One afternoon while riding on a public bus, I noticed a gentleman across the aisle, holding his phone with both hands in a peculiar way. With his left hand, the phone was held up with the speaker end pressed tightly against his ear. His right hand was feverishly swiping and gesturing commands into the device, moving so quickly I couldn't understand how he was able to make sense of it all. Shortly after, I realized that he was using the built-in screen reader software on his phone in order to find and listen to the content on the website or app. Witnessing this was a revelation to me. The experience showed me how some people consume content, and how important it is that front-end interfaces are well-equipped to handle various types of user interactions.

In a 2014 report , the National Health Interview Survey (NHIS) estimated that 22.5 million adult Americans either "have trouble" seeing, even when wearing glasses, or are unable to see at all. This is nearly 10% of the population, and a significant number of those people may rely on assistive devices and technologies, some using screen readers, to read and navigate the web.

People who use a screen reader can hear what's on the screen by having a digital voice read aloud the content and interactive elements on the page. There are several kinds of people who rely on screen reader technology, including those who have low-vision or who are legally blind. Some people have difficulty reading text, while others need to have text read aloud as they do something else. Some people just want to listen to a lengthy blog post while cooking dinner! In other words, screen readers are not solely used by people with sight limitations.

When you consider that at least 10% of the population would benefit from screen reader technology, the time it takes to learn and work with a screen reader is not a waste at all. This knowledge will make you a great asset to any development team!

Bake accessibility in from the start

When I began my planning stage of how I'd mark up a new design with accessibility in mind, my whole outlook on development changed. I made sure to use native browser controls and logically ordered headings, colours that would pass contrast tests, and unobtrusive JavaScript which helped manage keyboard focus for complex interactions.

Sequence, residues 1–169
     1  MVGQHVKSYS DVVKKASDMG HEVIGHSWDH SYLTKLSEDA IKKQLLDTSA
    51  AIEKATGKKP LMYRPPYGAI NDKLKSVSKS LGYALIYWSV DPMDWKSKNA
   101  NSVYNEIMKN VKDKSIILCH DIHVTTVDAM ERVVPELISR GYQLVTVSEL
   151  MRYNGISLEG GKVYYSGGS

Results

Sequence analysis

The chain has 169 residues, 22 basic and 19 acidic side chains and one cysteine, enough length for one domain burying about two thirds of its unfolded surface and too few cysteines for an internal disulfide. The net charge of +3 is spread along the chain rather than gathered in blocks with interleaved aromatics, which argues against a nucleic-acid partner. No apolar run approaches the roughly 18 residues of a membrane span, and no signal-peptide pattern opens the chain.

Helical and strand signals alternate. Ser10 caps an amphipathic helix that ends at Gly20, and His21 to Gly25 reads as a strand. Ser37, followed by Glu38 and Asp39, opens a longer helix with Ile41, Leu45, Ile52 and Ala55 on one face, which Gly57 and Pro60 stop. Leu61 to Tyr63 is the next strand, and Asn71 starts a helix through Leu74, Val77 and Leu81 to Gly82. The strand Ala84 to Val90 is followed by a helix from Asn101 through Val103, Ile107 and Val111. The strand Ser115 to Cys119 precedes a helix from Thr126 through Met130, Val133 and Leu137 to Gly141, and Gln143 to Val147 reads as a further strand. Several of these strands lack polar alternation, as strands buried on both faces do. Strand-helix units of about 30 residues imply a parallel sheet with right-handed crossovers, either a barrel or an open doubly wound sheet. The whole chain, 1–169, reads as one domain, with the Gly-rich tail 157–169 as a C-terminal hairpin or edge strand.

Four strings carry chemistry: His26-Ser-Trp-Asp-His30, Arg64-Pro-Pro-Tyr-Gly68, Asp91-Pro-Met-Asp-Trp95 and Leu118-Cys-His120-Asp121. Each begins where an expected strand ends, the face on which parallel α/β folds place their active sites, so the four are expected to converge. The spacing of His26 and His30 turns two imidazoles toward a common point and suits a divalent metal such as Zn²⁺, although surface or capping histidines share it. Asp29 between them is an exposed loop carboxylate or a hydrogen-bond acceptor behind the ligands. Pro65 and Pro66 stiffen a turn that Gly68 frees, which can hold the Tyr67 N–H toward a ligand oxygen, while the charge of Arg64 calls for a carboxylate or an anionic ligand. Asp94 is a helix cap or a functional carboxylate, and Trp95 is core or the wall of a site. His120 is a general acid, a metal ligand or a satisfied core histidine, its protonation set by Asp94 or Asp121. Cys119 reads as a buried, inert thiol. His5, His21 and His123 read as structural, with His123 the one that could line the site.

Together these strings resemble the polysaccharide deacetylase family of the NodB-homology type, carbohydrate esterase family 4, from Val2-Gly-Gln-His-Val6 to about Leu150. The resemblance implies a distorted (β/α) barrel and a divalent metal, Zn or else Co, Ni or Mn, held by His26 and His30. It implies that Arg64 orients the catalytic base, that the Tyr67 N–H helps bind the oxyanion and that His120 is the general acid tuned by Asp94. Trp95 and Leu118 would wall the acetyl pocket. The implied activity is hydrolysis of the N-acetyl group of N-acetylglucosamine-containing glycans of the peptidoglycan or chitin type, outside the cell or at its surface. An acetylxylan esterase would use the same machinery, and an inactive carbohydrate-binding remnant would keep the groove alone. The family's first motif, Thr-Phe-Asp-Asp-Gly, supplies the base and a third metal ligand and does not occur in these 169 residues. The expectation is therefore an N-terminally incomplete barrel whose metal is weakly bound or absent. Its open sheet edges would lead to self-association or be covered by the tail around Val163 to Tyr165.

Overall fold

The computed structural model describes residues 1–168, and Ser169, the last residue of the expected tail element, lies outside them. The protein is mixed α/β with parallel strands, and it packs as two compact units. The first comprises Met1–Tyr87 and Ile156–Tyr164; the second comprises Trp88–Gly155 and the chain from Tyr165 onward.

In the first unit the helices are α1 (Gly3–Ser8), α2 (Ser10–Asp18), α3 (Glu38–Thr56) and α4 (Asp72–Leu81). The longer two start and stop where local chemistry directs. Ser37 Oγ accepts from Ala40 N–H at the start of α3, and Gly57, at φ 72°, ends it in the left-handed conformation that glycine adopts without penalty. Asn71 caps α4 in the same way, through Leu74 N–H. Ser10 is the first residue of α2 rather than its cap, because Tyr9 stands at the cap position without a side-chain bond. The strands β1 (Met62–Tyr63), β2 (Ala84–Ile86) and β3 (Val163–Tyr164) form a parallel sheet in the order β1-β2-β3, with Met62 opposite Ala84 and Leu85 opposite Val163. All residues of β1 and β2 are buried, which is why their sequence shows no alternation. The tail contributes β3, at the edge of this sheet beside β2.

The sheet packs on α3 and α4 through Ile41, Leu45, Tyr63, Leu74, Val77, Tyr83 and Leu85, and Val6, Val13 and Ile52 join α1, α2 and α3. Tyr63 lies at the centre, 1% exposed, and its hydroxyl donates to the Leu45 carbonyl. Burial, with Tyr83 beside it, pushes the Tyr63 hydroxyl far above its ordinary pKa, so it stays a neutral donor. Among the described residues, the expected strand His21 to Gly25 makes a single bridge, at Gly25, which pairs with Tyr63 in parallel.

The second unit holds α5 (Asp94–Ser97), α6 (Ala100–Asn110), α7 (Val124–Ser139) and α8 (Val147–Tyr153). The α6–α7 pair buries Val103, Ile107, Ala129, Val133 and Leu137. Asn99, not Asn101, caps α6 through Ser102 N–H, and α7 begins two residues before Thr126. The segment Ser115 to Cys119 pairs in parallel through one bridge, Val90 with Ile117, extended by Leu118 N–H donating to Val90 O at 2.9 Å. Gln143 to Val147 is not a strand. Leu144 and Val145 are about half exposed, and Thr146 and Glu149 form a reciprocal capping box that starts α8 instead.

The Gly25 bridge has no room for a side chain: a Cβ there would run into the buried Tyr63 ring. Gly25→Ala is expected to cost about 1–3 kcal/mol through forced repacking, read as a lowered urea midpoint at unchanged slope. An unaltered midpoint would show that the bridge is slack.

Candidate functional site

For the first few days on a new project, after studying the design files, making mental notes of what made sense to be repeatable modules, and talking with the designers, I would write HTML. Just simple, plain HTML without any bells or whistles. This provided me with a place where I could start testing with a screen reader for basic, low-level issues, things I could watch for and fix right away. I made sure everything had the correct semantics and context for what the elements were supposed to be.


With the HTML structure in place written as reusable modules of a greater design system, I would go in and start adding classes and writing the CSS in order to match the intended design. When the styles were added to a module, I'd again go in and test for accessibility issues. I would keep an eye out for any elements with a display property, taking note to ensure things that were visible (or not visible) would reflect this state when interacting with a screen reader. I'd also watch for element positioning. Things can get out of hand pretty quickly, so I needed to be certain that the visual order of content matched the order that would be found when using a screen reader. This way, everyone would get the same reading order for the content and avoid any possibility of confusion.


It may surprise some readers, as it did myself when I first started learning about accessibility development, that JavaScript plays a big part in writing accessible interfaces. This is especially true when creating dynamic widgets such as accordions or modal windows, or perhaps implementing a hidden navigation menu for small screen devices. By using JavaScript, we can dynamically create and inject extra elements and add the required attributes to further convey the meaning and purpose of our more complex user interfaces. JavaScript is also used to manage keyboard focus for any custom widgets or complex interactions.

We'll dive a little more deeply into these concepts in the next part of the series but for now, the main point to take away is that we should keep people in mind and test for accessibility issues in each step of the development process. Let's remember that what we do is for people, not for other designers or developers. In most cases, not even for ourselves.

Bake accessibility into each development iteration. Test early and often. Be mindful of your audience. By adding these small extra steps to your workflow, you'll be making sure accessibility is ready and available right from the get-go.